|| 要旨トップ | 本企画の概要 |||日本生態学会第61回全国大会 (2014年3月、広島) 講演要旨
シンポジウム S01-1 (Lecture in Symposium/Workshop)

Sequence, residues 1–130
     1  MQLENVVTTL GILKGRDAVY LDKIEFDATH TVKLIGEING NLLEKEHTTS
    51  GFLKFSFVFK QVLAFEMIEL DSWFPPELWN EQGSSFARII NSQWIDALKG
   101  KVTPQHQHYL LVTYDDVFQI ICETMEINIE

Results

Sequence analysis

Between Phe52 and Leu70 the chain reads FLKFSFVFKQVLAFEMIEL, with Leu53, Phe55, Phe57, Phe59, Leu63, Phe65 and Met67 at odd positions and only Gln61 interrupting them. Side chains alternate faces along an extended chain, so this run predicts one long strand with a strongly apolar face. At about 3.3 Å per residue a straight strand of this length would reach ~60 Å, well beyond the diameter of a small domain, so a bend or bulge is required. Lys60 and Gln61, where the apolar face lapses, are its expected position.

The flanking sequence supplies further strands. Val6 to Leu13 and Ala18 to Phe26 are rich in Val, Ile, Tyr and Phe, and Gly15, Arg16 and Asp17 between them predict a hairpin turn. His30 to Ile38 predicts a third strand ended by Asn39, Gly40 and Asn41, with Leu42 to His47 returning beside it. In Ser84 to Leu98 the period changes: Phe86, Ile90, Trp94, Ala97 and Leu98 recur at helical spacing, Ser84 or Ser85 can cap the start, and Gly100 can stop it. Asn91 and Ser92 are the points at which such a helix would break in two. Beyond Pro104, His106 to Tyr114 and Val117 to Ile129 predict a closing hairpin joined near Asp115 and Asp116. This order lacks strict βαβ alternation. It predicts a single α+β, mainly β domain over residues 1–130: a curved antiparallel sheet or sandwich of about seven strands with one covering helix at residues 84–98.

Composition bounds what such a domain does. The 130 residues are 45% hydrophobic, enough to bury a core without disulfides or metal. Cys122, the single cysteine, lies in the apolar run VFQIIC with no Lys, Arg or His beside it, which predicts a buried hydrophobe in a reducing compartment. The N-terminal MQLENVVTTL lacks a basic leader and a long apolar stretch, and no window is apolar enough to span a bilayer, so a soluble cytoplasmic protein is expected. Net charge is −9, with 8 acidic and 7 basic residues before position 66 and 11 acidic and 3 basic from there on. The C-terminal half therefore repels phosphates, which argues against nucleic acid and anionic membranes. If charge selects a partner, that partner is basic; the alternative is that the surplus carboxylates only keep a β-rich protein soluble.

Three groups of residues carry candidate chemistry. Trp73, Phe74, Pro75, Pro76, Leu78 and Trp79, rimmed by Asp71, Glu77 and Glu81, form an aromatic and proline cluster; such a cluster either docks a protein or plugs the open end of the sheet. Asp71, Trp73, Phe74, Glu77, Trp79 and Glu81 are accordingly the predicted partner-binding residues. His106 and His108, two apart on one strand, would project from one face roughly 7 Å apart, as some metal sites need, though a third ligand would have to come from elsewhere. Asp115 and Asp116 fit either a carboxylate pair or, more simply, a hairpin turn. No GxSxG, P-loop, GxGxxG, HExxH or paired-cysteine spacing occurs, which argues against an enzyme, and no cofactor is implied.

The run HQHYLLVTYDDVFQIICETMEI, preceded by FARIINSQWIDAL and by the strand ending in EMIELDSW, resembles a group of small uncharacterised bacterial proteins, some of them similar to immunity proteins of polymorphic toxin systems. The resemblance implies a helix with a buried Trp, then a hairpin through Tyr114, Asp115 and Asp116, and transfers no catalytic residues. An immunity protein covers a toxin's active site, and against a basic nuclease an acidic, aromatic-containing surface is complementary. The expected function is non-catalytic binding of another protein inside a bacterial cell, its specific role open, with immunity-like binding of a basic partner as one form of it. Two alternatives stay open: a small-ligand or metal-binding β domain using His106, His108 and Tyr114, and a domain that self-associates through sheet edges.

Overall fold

Growth in body size is the most prominent aspect of the ontogenetic development during individual life history. Necessarily, development depends on food availability and thus indirectly on the feedback from population foraging. Current ecological theory, however, ignores development and considers population dynamics as the balance between reproduction and mortality only. I will show that population models accounting for food-dependent growth in individual body size make predictions that match existing theory on population dynamics, only if food availability limits development and reproduction to the same extent. In contrast, when either development or reproduction is more food-limited, models accounting for food-dependent growth make very different and counter-intuitive predictions. For example, they predict that positive relationships can occur between population biomass and individual mortality and that a doubly handicapped consumer species, which is ousted by its competitor when competing for resources and is moreover preferentially preyed upon by a shared predator, nonetheless is the only consumer species surviving the predation pressure. I hence argue that the theory about population and community regulation needs to be revised to account for the effects of food-dependent ontogenetic development.